1493: Uncovering the New World Columbus Created1493: Uncovering the New World Columbus Created by Charles C. Mann
Review by Jason Koivu
My rating: 4 of 5 stars

1493 is all over the place...and that's a good thing.

Charles C. Mann's follow up to his spectacular 1491 look at the pre-Columbian Americas is quite an admirable undertaking. Here he looks at the consequences of Columbus's voyages to the Americas. For better and/or for worse they had far reaching affects, especially biologically.

Mann's premise seems to state that Columbus was not a morally good man, but he should be celebrated as bringing about the world's biological homogenization. Though this is no murder mystery, I'm going to refrain from giving examples, because that would spoil the fun of reading 1493.

Hmmm...well, that doesn't give me much else to talk about.

Before Columbus Came To Town

1491: New Revelations of the Americas Before Columbus1491: New Revelations of the Americas Before Columbus by Charles C. Mann
Review by Jason Koivu
My rating: 5 of 5 stars

This was like a coloring book of pre-Pilgrim North America for me in that it filled in a lot of unanswered questions and brilliantly illuminated some areas of my knowledge that were mere outlines. It stays within the lines and makes my early attempts at coloring in the past look like spidery, seizure-induced scrawlings.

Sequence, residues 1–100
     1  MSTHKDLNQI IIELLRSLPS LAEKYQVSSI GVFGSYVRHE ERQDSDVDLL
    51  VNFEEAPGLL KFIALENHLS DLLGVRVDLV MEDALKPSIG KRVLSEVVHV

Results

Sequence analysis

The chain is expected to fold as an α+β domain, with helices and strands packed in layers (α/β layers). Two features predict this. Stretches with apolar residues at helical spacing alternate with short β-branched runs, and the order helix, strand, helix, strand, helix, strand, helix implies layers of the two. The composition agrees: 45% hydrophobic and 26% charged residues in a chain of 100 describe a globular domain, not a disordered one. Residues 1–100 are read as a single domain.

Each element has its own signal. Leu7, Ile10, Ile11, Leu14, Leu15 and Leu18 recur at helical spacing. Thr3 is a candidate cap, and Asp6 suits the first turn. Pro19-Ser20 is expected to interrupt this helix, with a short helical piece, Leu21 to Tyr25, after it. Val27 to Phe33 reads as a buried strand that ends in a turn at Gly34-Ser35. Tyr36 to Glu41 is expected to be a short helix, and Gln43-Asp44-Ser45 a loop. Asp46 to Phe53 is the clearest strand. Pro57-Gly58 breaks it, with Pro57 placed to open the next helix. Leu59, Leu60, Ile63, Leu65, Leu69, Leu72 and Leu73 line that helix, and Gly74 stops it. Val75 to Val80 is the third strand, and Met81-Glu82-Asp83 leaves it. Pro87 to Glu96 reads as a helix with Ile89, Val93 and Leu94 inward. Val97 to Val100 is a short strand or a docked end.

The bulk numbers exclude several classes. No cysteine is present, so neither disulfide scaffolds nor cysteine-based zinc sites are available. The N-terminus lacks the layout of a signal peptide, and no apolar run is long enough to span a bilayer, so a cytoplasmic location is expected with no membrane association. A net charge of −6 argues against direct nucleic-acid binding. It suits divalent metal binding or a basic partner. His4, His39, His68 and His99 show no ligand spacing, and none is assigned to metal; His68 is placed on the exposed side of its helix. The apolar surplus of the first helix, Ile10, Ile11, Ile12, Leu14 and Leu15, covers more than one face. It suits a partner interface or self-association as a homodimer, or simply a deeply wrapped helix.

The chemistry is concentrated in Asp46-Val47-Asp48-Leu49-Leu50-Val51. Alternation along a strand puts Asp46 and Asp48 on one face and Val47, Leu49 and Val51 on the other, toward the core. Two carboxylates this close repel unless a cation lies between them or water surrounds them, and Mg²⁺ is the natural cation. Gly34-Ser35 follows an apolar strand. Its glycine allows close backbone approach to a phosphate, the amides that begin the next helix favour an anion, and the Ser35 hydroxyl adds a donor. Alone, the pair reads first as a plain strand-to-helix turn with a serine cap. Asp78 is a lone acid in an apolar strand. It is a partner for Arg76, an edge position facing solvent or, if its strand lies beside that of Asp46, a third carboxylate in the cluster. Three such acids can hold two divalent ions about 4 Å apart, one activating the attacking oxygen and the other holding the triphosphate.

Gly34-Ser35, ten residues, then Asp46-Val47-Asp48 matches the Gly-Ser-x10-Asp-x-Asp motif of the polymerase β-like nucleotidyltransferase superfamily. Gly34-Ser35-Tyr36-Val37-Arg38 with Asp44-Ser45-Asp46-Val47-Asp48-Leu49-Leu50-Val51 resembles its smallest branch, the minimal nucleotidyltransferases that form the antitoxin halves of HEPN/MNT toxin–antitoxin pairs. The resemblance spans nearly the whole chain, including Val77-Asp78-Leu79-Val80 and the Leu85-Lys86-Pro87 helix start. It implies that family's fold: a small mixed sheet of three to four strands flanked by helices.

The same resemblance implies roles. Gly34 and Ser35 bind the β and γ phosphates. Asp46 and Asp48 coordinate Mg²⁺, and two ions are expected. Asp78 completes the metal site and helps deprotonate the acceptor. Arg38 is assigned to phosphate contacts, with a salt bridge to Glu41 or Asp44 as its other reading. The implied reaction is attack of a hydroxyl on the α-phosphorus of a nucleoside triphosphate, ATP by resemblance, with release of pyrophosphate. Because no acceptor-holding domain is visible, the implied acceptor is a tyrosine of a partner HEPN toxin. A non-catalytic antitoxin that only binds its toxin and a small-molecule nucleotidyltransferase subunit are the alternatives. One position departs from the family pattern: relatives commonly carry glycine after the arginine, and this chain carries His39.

Being originally from New England, I'm well aware that there were inhabitants here long before the Europeans arrived. Early on in school we were inundated with stories of Samoset and Squanto, the first Native Americans to make contact with the Plymouth Colony pilgrims, and how in 1621 they strolled into the transplanted Englishmen's village and a big party broke out, thus began the tradition of Thanksgiving. I was (mis)taught in a Massachusetts classroom where heritage and history are king, so much was made of this. We were led to believe the story by elementary schoolteachers who probably wholeheartedly believed it themselves. What about the Virginia Colony of 1607 and their contact with the native inhabitants? It failed, so sweep it under the rug. Something tells me this version of America's founding by Europeans was not the one being taught in Virginia at the time...